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New Laws And Regulations Affecting Employee Benefit Plans November 2004

The federal government continues to enact new rules affecting employee benefits.  The following new laws and regulations require changes to most employers’ plans:

American Jobs Creation Act of 2004
Sweeping new rules for nonqualified deferred compensation plans were added to the Internal Revenue Code.  (Tax qualified retirement plans, like most profit sharing, 401(k) and 403(b) plans, are not affected.)  The new rules affect all forms of nonqualified deferred compensation, whether contained in a formal plan for multiple employees or in an employment contract with one employee.  Most nonqualified deferred compensation plans will need to change their procedures (1) to require that elections to defer compensation must be made before the year in which the compensation is earned and (2) for electing how and when to receive future payment of the deferred compensation.  The new rules are generally effective for compensation deferred after 2004.  Virtually all plans will have to be amended to reflect the new rules.  Fortunately, the IRS has indicated that amendments do not have to be adopted by this December 31st.  Formal guidance is expected soon on when amendments must be adopted, and on transition relief for elections to defer compensation earned in 2005.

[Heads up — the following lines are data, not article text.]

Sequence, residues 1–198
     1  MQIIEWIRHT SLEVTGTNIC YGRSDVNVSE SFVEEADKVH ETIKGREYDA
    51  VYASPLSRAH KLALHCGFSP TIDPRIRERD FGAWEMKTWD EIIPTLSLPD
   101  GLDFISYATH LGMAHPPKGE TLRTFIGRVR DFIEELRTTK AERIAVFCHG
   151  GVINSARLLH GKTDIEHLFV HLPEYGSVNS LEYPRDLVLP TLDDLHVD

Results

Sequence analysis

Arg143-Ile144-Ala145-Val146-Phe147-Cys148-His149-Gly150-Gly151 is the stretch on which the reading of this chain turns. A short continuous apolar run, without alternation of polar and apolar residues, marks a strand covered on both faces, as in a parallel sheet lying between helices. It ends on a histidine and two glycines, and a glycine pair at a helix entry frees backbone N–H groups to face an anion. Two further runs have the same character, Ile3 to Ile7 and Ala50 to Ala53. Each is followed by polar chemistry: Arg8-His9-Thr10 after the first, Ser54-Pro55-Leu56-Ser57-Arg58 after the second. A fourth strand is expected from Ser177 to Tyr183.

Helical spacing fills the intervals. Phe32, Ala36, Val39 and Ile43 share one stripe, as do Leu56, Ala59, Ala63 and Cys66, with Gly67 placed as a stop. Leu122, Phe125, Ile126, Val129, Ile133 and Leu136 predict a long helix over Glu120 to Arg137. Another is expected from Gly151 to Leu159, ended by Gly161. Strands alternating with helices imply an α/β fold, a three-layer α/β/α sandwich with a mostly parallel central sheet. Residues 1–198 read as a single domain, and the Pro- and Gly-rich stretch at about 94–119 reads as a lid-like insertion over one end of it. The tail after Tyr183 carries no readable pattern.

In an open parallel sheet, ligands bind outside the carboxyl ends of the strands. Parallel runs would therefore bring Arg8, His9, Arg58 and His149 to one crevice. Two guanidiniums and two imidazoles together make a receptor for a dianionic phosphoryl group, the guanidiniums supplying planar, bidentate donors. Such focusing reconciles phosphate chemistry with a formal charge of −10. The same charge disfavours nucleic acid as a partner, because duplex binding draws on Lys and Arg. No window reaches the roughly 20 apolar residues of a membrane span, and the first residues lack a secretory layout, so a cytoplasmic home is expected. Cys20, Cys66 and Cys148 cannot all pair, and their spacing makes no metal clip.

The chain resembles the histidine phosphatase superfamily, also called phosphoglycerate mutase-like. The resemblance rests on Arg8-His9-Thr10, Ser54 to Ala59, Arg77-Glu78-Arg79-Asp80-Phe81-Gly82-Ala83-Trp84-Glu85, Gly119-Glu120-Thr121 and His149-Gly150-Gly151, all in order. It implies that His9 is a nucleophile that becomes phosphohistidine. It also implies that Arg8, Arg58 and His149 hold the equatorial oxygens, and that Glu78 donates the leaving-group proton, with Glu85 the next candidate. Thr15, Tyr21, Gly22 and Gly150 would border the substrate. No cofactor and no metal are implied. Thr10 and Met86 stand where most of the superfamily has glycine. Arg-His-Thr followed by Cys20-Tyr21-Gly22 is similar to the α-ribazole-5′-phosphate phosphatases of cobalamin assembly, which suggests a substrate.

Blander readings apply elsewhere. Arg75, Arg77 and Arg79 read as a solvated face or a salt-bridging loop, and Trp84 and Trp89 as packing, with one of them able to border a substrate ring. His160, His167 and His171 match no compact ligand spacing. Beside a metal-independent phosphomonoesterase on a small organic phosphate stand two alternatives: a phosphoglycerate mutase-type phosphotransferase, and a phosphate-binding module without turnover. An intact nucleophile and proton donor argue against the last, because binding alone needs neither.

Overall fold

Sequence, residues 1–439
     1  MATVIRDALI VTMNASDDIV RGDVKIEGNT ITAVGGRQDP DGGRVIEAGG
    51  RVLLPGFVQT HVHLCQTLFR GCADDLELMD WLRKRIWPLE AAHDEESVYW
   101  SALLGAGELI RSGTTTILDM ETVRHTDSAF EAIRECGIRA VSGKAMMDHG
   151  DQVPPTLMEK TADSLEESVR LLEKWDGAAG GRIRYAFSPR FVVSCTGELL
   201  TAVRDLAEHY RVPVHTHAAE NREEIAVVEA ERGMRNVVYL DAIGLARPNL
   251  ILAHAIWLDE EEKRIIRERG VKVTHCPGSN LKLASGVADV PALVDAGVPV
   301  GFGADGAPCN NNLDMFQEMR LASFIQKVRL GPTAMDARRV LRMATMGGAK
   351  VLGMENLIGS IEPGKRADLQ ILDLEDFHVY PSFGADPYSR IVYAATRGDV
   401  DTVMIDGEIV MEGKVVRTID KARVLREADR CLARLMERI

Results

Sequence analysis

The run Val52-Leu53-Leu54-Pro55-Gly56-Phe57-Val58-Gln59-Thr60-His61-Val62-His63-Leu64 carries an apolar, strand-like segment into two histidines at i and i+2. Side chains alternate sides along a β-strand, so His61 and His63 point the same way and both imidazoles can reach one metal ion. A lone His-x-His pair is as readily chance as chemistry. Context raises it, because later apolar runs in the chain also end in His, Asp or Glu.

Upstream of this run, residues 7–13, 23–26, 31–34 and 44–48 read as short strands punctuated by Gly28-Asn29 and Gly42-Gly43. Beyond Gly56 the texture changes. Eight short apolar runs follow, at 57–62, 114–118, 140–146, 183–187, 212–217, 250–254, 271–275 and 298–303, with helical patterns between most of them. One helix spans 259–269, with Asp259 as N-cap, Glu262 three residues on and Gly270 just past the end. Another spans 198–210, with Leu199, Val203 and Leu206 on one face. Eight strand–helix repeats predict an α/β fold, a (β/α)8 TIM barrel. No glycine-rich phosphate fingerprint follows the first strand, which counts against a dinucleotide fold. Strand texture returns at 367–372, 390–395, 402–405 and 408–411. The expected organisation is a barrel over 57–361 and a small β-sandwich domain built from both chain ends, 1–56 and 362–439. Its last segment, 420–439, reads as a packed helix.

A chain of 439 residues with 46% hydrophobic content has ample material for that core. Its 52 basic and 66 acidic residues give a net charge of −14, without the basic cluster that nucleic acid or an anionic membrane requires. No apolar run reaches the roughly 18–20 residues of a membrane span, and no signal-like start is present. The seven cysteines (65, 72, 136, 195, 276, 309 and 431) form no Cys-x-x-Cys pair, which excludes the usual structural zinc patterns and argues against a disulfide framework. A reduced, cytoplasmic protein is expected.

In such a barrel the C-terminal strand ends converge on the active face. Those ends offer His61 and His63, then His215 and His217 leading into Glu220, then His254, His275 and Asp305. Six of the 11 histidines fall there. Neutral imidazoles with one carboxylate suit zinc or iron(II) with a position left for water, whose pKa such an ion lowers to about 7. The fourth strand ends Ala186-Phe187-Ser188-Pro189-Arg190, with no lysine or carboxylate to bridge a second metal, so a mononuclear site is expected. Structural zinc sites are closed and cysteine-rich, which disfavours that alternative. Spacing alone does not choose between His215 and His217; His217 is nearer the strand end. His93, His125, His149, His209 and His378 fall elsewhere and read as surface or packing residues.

Involuntary Cash-Outs from Qualified Retirement Plans
The 2001 tax act (“EGTRRA”) requires most cash-outs of less than $5,000 from retirement plans to be automatically transferred to an IRA, unless a participant elects otherwise.  The effective date of this requirement was deferred until the Department of Labor issued regulations implementing the IRA transfer rules.  Regulations have now been issued which effect cash-outs on and after March 28, 2005.  Employers will need to amend their qualified retirement plans to provide for automatic IRA transfers of cash-outs, and will also need to find an IRA sponsor to accept the automatic transfers.

Working Families Tax Relief Act of 2004
This Act narrows the Internal Revenue Code definition of "dependent" for certain purposes.  Health insurance plans are exempt from this Act, but, some plans incorporate the Code’s definition of dependent by reference.  If so, that would unintentionally exclude certain currently covered children from insurance coverage in 2005, unless the plan is amended.  Dependent care flexible spending accounts are not exempt from this Act.  Starting in 2005, day care expenses for certain elderly relatives will no longer be eligible for reimbursement.  Plan amendments will be needed to revise the definition of dependents for whom reimbursement can be made.<br>

Final COBRA Regulations
The Department of Labor issued final rules governing COBRA’s notice requirements.  Employers will need to change their COBRA procedures, revise and expand their COBRA notices, and update their summary plan descriptions.  The new rules are generally effective for the first plan year after November 26, 2004 (i.e., January 1st for calendar year plans).

If you have any questions about these new laws and regulations, the members of the Gordon Feinblatt Employee Benefits Group are ready to help you.